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Marcus R.,Bristol Myers Squibb | Khan A.,Northwest Clinical Research Center | Khan A.,Duke University | Rollin L.,Bristol Myers Squibb | And 4 more authors.
Bipolar Disorders | Year: 2011

Objectives: To evaluate the efficacy and safety of aripiprazole (ARI) adjunctive to lithium (Li) or valproate (Val) (ARI+Li/Val) compared with placebo (PLB) adjunctive to Li or Val (PLB+Li/Val) as maintenance therapy for patients with bipolar I disorder who had an inadequate response to Li or Val monotherapy. Methods: Patients with a current manic/mixed episode received Li or Val for at least 2weeks. Those with an inadequate response [Young Mania Rating Scale (YMRS) total score ≥ 16 and ≤ 35% decrease from baseline at 2weeks] received adjunctive single-blind ARI plus mood stabilizer. Patients who achieved stability [YMRS and Montgomery-Åsberg Depression Rating Scale (MADRS) score ≤ 12] for 12 consecutive weeks were randomized to double-blind ARI (10-30 mg/day) or PLB+Li/Val. Relapse was monitored for 52weeks. Adverse events (AEs) were also evaluated. Results: A total of 337 patients were randomized to ARI+ Li/Val (n=168) or PLB+Li/Val (n=169). TheKaplan-Meier relapse rate at 52weeks was 17% with ARI+Li/Val and 29% with PLB+Li/Val. ARI+Li/Val significantly delayed time to any relapse compared with PLB+Li/Val; hazard ratio=0.54 (95% confidence interval: 0.33-0.89; log-rank p=0.014). The most common AEs ≥ 5%(ARI+Li/Val versus PLB+Li/Val) were headache (13.2% versus 10.8%), weight increase (9.0% versus 6.6%), tremor (6.0% versus 2.4%), and insomnia (5.4% versus 9.6%). Conclusions: Continuation of ARI+Li/Val treatment increased the time to relapse to any mood episode compared with Li or Val monotherapy, and was relatively well tolerated during the one-year study. These findings suggest that there is a long-term benefit in continuing ARI adjunctive to a mood stabilizer after sustained remission is achieved. © 2011 John Wiley and Sons A/S.

Khan A.,Northwest Clinical Research Center | Khan A.,Duke University | Brown W.A.,Brown University
World Psychiatry | Year: 2015

Although the early antidepressant trials which included severely ill and hospitalized patients showed substantial drug-placebo differences, these robust differences have not held up in the trials of the past couple of decades, whether sponsored by pharmaceutical companies or non-profit agencies. This narrowing of the drug-placebo difference has been attributed to a number of changes in the conduct of clinical trials. First, the advent of DSM-III and the broadening of the definition of major depression have led to the inclusion of mildly to moderately ill patients into antidepressant trials. These patients may experience a smaller magnitude of antidepressant-placebo differences. Second, drug development regulators, such as the U.S. Food and Drug Administration and the European Medicines Agency, have had a significant, albeit underappreciated, role in determining how modern antidepressant clinical trials are designed and conducted. Their concerns about possible false positive results have led to trial designs that are poor, difficult to conduct, and complicated to analyze. Attempts at better design and patient selection for antidepressant trials have not yielded the expected results. As of now, antidepressant clinical trials have an effect size of 0.30, which, although similar to the effects of treatments for many other chronic illnesses, such as hypertension, asthma and diabetes, is less than impressive. © 2015 World Psychiatric Association.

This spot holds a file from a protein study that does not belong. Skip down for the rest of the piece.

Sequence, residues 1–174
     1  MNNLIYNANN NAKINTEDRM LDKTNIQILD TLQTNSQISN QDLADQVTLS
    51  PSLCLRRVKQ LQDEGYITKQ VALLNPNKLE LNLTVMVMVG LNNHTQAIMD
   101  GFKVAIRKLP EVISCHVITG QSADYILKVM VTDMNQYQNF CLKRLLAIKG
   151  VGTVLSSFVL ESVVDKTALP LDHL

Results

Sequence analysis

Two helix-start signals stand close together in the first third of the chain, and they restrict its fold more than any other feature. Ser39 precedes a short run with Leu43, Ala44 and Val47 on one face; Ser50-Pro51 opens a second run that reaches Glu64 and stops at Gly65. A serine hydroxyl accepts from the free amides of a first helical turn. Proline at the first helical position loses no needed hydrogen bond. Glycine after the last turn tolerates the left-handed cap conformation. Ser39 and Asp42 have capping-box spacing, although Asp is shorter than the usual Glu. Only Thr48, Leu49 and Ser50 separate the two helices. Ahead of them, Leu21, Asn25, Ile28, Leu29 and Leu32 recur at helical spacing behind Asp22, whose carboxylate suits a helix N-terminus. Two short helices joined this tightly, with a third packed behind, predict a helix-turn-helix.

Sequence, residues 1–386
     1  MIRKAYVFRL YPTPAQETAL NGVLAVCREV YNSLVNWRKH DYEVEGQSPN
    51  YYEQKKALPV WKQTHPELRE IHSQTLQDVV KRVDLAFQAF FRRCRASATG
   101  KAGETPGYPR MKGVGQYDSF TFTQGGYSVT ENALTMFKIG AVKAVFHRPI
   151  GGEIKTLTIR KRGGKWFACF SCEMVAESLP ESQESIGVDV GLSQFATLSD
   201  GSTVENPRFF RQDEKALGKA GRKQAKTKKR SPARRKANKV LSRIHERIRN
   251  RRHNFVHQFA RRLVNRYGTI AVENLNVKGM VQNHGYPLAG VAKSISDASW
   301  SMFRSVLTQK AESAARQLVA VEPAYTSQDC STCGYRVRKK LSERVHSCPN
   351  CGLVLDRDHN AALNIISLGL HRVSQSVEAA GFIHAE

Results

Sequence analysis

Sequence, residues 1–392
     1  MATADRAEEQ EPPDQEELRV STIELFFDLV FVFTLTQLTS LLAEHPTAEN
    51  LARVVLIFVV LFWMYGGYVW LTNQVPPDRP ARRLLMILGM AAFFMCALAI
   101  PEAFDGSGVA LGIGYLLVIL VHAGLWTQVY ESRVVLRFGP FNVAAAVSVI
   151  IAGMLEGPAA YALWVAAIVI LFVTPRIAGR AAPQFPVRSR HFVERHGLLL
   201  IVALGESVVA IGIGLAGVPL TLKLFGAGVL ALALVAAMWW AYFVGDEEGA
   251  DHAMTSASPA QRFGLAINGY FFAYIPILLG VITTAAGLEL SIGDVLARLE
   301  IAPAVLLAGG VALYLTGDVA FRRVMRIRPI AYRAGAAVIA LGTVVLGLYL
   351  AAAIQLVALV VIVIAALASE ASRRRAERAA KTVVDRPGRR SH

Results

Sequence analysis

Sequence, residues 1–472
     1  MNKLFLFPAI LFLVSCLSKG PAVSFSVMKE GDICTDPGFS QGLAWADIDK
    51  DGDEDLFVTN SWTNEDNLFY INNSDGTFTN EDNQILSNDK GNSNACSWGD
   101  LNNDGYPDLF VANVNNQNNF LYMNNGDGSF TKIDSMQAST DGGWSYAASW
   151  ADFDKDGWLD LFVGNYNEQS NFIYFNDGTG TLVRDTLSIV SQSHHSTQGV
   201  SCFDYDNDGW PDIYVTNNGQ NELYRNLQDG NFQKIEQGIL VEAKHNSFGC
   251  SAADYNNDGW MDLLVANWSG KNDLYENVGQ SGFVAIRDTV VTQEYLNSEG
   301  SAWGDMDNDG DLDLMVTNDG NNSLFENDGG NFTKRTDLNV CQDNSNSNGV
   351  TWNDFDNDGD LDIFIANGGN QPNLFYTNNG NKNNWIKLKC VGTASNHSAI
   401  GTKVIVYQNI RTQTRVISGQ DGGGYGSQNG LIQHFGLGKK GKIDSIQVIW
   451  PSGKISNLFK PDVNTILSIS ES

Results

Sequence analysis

Hale M.,Gold Coast Research LLC | Khan A.,Northwest Clinical Research Center | Khan A.,Duke University | Kutch M.,Applied Clinical Intelligence LLC | Li S.,Neuromed Pharmaceuticals Inc.
Current Medical Research and Opinion | Year: 2010

Objective: This multicenter, double-blind, placebo-controlled study using a randomized withdrawal design evaluated the efficacy and safety of once-daily OROS hydromorphone ER in the treatment of opioid-tolerant patients with chronic moderate-to-severe low back pain (LBP). Main outcome measures: The primary efficacy assessment was mean change in pain intensity based on patient diary Numeric Rating Scale (NRS) scores from baseline to final visit of the 12-week double-blind phase. Secondary endpoints included mean change from baseline to each visit in patient diary NRS scores; and office NRS scores; time to treatment failure; Patient Global Assessment; rescue medication use; and Roland Morris Disability Questionnaire total scores. Clinical Trial Registration: ClinicalTrials.gov NCT00549042. Results: For the primary outcome measure, hydromorphone ER significantly reduced pain intensity compared to placebo (p<0.001). Median diary NRS score change from baseline to endpoint was significantly lower for hydromorphone ER (0.2 units) compared to placebo (1.2 units). A significantly higher proportion of hydromorphone ER (60.6) vs. placebo (42.9) patients had at least a 30 reduction in diary NRS pain score from screening to endpoint (p<0.01). Hydromorphone ER was well-tolerated, although 60 (13) discontinued during the enrichment phase for adverse events and more active (9, 6.7) than placebo (4, 3.0) patients discontinued treatment for adverse events during the randomized phase. Conclusions: These results provide evidence for the efficacy and safety of hydromorphone ER in opioid-tolerant patients with chronic moderate-to-severe LBP. Potential limitations include the shortened dose-conversion/titration phase, limiting the daily allowable dose of hydromorphone ER to 64mg, and the allowance of limited rescue medication throughout the entire double-blind phase. Other trial design elements such as the use of an enrichment phase and the inclusion of only opioid tolerant patients may limit the generalizabilty of these results. © 2010 Informa UK Ltd All rights reserved.